EL PASO, Texas — This story originally appeared in the Texas Tribune.
City and county leaders here announced Thursday that they will increase restrictions for restaurants and some businesses as they report another record high for cases of the novel coronavirus.
El Paso's public health department reported 717 new cases Thursday, setting a new daily record for the county. The county's hospitalization rate, the percentage of hospital beds being used for COVID-19 patients, has also jumped to 28 percent. Of the 438 patients hospitalized, 111 are in intensive care, according to El Paso statistics.
Under the new restrictions, which begin Friday, nonessential businesses will be scaled back to allow 50 percent of their stated capacity and restaurants can only offer take-out service after 9 pm. Visits to nursing homes and elderly care facilities are put on hold, and outdoor gatherings are limited to 10 people or fewer. The new guidelines also temporarily ban indoor sports and spectators from outdoor sporting events, with the exception of collegiate sports at the University of Texas El Paso and the city’s minor league soccer team, El Paso Locomotive FC.
The new measures come about a week after Mayor Dee Margo and other officials pleaded with community members to shake off “COVID fatigue” and continue to practice safety measures. Margo said Thursday during a news conference that he had no choice but to impose the restrictions.
“We are not statistics. We come up here and we talk about the number of hospitalizations, the number of positive [cases] and the number in ICU, [but] we’re people and we need to protect our people,” he said. “And the only way we’re going to protect them is by wearing face coverings and maintaining the distancing and washing your hands frequently. I just encourage, implore, beg whatever it takes, please El Paso – do what you need to do."
The restrictions come during an early voting period that has seen massive turnout in many Texas cities, including El Paso. Margo said the restrictions do not apply to voting sites as “safety protocols have been issued and are being followed by the county elections department.”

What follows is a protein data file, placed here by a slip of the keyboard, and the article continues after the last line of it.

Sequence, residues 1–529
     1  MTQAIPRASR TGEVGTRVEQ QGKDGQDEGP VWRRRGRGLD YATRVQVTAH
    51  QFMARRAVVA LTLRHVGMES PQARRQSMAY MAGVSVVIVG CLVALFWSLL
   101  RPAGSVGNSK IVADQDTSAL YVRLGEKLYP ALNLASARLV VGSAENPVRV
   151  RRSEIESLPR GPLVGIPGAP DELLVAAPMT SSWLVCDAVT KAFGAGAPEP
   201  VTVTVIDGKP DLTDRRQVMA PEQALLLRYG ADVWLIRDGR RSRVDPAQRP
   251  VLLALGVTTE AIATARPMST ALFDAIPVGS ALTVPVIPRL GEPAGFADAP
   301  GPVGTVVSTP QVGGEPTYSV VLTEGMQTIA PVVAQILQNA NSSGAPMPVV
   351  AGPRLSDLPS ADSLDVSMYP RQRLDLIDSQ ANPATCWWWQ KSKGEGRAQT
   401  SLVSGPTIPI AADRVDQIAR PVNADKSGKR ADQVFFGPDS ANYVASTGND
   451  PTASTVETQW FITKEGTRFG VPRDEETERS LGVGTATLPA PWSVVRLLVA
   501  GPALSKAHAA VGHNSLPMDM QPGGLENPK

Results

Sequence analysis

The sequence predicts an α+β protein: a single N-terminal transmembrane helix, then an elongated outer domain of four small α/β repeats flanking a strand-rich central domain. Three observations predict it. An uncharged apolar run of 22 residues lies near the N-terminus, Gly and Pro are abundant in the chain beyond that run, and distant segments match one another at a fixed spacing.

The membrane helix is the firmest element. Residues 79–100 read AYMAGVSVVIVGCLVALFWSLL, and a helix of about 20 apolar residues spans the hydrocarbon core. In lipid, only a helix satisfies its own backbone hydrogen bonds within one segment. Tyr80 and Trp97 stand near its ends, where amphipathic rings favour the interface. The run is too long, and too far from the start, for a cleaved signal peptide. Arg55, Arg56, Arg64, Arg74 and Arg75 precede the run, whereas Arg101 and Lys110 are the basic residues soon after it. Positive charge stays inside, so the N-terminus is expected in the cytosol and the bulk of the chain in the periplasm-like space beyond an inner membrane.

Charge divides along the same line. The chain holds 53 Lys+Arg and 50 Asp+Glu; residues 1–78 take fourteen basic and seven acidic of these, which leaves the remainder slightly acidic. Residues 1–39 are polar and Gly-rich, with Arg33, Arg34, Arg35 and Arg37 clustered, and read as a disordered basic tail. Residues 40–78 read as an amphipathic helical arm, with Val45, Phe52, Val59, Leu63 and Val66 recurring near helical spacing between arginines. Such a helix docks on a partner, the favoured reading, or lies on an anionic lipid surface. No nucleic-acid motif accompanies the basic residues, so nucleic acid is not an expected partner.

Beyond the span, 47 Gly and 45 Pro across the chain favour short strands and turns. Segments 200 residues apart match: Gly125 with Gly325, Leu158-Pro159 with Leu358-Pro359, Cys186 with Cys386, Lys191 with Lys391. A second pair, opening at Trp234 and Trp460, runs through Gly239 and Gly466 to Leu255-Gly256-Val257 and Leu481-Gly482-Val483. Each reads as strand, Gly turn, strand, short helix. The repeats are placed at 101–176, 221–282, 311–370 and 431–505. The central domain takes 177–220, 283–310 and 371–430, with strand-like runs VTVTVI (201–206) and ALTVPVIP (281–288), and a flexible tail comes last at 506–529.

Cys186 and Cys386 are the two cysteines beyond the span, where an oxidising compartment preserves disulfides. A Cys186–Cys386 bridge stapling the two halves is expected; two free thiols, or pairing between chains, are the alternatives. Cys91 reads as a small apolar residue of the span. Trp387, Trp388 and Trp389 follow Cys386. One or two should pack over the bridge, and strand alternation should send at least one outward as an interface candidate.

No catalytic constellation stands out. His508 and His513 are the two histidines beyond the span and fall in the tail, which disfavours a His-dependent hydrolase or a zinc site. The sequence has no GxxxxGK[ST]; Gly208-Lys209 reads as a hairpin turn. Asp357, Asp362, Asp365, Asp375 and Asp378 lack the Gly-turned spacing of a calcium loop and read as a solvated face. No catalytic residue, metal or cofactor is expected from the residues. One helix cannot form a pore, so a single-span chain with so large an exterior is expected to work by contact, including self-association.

Angela Mora, the director of the El Paso Public Health Department, said contact tracing is an ongoing struggle in the city as some COVID-19 patients or others deemed high risk are refusing to cooperate. She said if a person doesn't respond to contact tracing requests after two days, a city employee and a local police officer will hand-deliver a health order and warn of a possible fine.
“The letter states that if they are not following the quarantine and isolation orders, they will be fined $500,” she said.
Mora and Margo added that more than half of the cases are among El Pasoans between 20 and 49.
“We make a call to the millennials and all the other people out there partying and wearing their masks on their necks to please listen and work with us,” Mora said.
The spike in cases in El Paso comes about one month after Gov. Greg Abbott lifted statewide restrictions in most counties to allow certain businesses and restaurants to increase capacity to 75 percent. Margo said Thursday that he’s talked to the governor about the city’s new restrictions and that Abbott didn’t voice any concerns.
“We’ve been in constant contact with the governor, and he knows exactly what we have implemented this morning. We’re fine,” Margo said.
During a news conference Thursday in El Paso to announce a Texas Supreme Court pick, Abbott was asked about El Paso's restrictions and said the mayor is acting within his authority.
"Local officials do have levels of flexibility to make sure they are able to contain the spread of COVID-19, and it appears that is exactly what Mayor Margo is doing," Abbott said.
On Monday, the governor announced the state was sending a team of 75 additional medical personnel to the area to help local officials treat patients. The reinforcements arrived earlier this week, Margo said.
The mayor is also waiting to hear from the Texas Education Agency on whether local school districts will be allowed to further delay in-school instruction.
“The schools are determining what they want to do,” Margo said. “I was asked to intercede and support their position related to delaying going back to the classroom.”